‘Multiple Transporter’ Carbohydrates

By Scott Robinson. 

Supplementation of carbohydrate (CHO) sources (e.g. glucose or glucose polymers), has been widely observed to increase exercise capacity, most notably during prolonged exercise at moderate to high intensities (1).  These effects are largely attributed to a prevention of hypoglycaemia and the maintenance of high rates of CHO oxidation towards the latter phases of exercise when endogenous stores are either low or depleted (2). On this basis, it appears somewhat intuitive for athletes to seek methods of maximising their rate of CHO oxidation in the hope that a greater contribution from exogenous sources will increase exercise capacity through the ‘sparing’ of endogenous sources.

Background: Whereas it was once thought that 1 g.min-1 was the absolute maximum rate of CHO oxidation, more recent advances demonstrate convincingly that this rate is, in fact, much higher (in excess of 1.5 g.min-1; 3). To understand maximum CHO oxidation rates, it is important to understand what limits this. In an eloquent series of studies from Asker Jeukendrup’s lab in Birmingham, it was found that limitations to CHO oxidation were in the absorptive process most likely because of a saturation of carbohydrate transporters (for review see 4). They demonstrated that glucose oxidation rate is limited by a sodium-dependent glucose transporter (SGLT1), which, once saturated, the additional feeding of this carbohydrate will not result in greater intestinal absorption and increased oxidation rate (5). HOWEVER, other sugars are limited by different transport mechanisms (GLUT5 in the case of fructose). Thus, it was proposed that the use of different transporters might increase total carbohydrate absorption (see Figure 1).


Figure 1. The oxidation rate of glucose plus fructose in a combined drink is higher than the oxidation rate of similar amounts of either glucose or fructose alone (4)

Research study 1: Wallis et al. (2005; 6) tested this hypothesis by investigating the oxidation of combined ingestion of maltodextrins and fructose during cycling exercise. In this study, eight trained cyclists performed three exercise trials, with each comprising of 150 min cycling at 55% maximum power output. During each trial, subjects received a solution providing either 1.8 g.min-1 of maltodextrin (MD), 1.2 g/min-1 of maltodextrin + 0.6 g/min-1 of fructose (MD+F), or plain water. Results revealed that peak exogenous carbohydrate oxidation (last 30 min of exercise) was ~40% higher with combined MD+F ingestion compared with MD only ingestion. The authors concluded that ingestion of large amounts of maltodextrin and fructose during cycling exercise enables exogenous carbohydrate oxidation rates to reach peak values of ~1.5 g.min-1, which is much higher than oxidation rates from ingesting maltodextrin alone.

Performance Implications: Since these studies, it has been demonstrated that the ingestion multiple carbohydrate transporters i.e. glucose+fructose, exerts favourable influences on subjects’ ratings of perceived exertion (7) and endurance capacity (time to fatigue; 8). What is more, increased CHO oxidation with multiple transporter carbohydrates is well-regarded to be accompanied by increased fluid delivery and improved oxidation efficiency, thus reducing the likelihood of gastrointestinal distress (9).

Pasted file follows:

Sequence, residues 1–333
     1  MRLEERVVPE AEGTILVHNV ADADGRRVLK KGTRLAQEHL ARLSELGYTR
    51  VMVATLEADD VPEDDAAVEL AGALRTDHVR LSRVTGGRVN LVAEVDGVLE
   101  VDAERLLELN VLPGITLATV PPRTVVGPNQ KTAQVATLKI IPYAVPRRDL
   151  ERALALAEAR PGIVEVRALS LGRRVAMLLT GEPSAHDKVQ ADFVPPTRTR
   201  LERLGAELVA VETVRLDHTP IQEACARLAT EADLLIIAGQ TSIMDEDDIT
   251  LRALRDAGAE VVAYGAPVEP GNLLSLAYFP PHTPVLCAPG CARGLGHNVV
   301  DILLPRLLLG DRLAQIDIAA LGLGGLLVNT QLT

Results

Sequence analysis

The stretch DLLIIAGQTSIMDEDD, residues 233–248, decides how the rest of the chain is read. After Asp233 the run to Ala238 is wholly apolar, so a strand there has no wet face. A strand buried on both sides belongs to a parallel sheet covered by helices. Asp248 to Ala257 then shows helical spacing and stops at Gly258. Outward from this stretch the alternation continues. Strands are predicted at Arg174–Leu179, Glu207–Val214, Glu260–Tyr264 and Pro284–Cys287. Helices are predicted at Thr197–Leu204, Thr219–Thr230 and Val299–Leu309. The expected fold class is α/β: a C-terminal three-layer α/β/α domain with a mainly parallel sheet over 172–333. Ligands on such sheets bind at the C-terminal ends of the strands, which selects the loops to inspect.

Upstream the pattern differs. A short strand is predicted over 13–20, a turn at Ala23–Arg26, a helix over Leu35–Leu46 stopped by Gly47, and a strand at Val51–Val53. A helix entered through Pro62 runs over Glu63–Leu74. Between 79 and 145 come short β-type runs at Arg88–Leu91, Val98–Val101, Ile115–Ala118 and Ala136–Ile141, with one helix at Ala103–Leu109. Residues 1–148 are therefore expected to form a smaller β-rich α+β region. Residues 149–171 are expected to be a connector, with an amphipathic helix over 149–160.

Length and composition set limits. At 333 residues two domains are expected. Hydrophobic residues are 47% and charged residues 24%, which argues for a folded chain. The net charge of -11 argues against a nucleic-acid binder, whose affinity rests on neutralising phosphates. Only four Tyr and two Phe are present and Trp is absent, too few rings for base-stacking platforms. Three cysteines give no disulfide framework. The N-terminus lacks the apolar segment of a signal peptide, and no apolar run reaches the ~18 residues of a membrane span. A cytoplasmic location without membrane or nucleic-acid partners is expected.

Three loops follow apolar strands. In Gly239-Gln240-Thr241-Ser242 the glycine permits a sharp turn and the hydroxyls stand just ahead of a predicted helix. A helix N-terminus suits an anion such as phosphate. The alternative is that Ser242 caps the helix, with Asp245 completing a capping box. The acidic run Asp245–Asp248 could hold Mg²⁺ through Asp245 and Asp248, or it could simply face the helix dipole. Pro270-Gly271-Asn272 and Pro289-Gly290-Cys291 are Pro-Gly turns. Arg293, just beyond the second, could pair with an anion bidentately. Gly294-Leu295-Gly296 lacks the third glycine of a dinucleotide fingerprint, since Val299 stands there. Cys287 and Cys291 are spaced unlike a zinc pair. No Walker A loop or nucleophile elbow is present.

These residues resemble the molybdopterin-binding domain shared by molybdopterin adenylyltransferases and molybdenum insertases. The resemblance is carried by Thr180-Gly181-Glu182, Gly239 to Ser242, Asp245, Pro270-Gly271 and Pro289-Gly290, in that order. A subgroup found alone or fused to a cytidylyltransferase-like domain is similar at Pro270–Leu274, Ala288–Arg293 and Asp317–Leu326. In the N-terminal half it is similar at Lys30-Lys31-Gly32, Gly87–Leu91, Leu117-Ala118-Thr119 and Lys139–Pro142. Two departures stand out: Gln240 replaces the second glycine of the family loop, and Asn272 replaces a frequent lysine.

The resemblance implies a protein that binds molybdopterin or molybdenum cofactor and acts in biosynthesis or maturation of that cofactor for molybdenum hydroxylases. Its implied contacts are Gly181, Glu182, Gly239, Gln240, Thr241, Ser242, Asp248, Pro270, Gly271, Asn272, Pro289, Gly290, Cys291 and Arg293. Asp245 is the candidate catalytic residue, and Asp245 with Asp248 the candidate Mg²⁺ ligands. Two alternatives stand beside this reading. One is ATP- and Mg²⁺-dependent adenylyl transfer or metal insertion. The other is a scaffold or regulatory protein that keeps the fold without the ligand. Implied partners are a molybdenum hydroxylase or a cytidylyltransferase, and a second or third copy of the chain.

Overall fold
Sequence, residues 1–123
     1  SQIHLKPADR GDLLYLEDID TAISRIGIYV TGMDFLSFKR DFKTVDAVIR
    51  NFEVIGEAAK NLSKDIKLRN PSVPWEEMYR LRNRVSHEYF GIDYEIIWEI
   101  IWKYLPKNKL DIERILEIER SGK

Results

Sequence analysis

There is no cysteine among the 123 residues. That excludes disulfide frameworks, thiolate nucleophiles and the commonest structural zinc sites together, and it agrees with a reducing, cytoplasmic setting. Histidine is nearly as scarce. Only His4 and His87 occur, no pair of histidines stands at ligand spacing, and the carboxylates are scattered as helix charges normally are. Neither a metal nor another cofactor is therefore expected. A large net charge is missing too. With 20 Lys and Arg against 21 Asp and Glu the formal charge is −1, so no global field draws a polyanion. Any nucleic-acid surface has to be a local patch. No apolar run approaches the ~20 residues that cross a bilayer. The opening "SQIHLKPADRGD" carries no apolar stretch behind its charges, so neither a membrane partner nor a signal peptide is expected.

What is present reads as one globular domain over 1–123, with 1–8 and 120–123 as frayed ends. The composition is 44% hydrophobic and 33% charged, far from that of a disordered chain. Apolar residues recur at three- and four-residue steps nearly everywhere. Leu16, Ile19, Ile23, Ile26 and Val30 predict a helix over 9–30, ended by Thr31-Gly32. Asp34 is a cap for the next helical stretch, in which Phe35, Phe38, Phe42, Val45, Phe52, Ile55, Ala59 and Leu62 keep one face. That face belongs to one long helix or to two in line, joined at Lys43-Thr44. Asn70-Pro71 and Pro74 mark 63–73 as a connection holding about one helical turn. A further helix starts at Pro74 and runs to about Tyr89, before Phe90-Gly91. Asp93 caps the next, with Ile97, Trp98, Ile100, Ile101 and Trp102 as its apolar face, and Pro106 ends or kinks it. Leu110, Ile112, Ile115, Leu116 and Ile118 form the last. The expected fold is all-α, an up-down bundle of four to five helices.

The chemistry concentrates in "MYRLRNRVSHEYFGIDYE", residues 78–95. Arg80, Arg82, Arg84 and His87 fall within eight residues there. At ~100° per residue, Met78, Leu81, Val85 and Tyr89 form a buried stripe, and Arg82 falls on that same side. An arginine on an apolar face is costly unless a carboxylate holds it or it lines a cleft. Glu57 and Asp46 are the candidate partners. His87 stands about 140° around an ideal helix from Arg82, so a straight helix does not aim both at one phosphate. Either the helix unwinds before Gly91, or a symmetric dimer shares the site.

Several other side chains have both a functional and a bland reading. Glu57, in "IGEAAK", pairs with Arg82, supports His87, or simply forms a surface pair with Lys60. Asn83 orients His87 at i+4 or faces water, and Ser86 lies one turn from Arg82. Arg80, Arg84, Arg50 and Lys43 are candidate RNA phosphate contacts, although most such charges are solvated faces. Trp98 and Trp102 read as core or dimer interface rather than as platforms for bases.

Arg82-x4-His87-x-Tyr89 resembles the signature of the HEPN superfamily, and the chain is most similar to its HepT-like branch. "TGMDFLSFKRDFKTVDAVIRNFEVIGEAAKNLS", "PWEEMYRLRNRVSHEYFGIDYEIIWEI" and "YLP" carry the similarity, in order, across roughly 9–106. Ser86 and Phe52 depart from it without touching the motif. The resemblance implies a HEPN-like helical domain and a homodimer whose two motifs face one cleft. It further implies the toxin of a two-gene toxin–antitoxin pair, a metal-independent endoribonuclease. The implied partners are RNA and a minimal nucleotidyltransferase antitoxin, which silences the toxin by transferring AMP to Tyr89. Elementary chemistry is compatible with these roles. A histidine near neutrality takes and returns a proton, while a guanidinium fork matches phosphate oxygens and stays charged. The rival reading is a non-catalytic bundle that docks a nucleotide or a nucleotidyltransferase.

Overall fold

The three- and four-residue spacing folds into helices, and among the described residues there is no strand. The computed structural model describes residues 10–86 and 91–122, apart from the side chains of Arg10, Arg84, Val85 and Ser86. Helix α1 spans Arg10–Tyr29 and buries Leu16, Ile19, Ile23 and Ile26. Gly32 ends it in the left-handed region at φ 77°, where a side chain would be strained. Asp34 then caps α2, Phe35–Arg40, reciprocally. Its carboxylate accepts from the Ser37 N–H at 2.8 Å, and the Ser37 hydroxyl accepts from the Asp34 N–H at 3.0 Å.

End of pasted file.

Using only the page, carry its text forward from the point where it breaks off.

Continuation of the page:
Research study 2: Currell and Jeukendrup (2005; 8) investigated the effect of ingesting a glucose+fructose drink compared with a glucose-only drink (both delivering CHO at a rate of 1.8 g∙min-1) and a water placebo on endurance performance. Eight male trained cyclists performed120 min of cycling exercise at 55% Wmax followed by a time trial of approximately 1h duration. Results revealed a staggering 8% quicker time to completion during the time trial in the GF condition when compared with the G condition (times, 4022 s compared with 3641 s for FG and G, respectively). Total CHO oxidation did not differ significantly between GF (2.54 +/- 0.25 g∙min-1)and G (2.50 g∙min-1), indicating that there was a sparing of endogenous CHO stores in the GF trial, because GF has been shown to have a greater exogenous CHO oxidation than G.

Take home message: In sharp contrast to the original guidelines, the new recommendations are dictated by the type and duration of exercise. Multiple transportable carbohydrates, ingested at high rates (1.8-2.4 g∙min-1), are likely to improve exercise performance during ultra-endurance events of duration 3 h or more by reducing rating of perceived exertion and increasing time to fatigue. Such feeding strategies are not necessary for shorter duration events seeing that saturation of gut glucose transporters would be unlikely, especially if access to additional CHO is limited (e.g. team sports where fluid breaks are limited to unscheduled breaks in play and half-time).

BIO: Scott is a First Class Honours Sports Science graduate from the Research Institute of Sports and Exercise Sciences, at Liverpool John Moores University. He acquires a range of experience in both playing and coaching sport having represented Stoke City Football Club at Youth level and coached football at the International Youth Games. Scott has been an Assistant Sports Scientist at Blackburn Rovers Football Club and Everton Football Club for the 2010/2011 and 2011/2012 seasons, respectively. He has also partaken in Sports Science related research for FIFA, where he travelled across Europe as part of a multi-national team of sports scientists and athletes.  Scott is currently completing his Masters of Science in Sports Physiology, where his research focuses on creating the optimal sports drink for soccer performance, after which he is due to begin a PhD within the Exercise Metabolism Research Group at the University of Birmingham, in September.   Contact info:   scottr38@hotmail.co.uk and Twitter is @scottrobinson8


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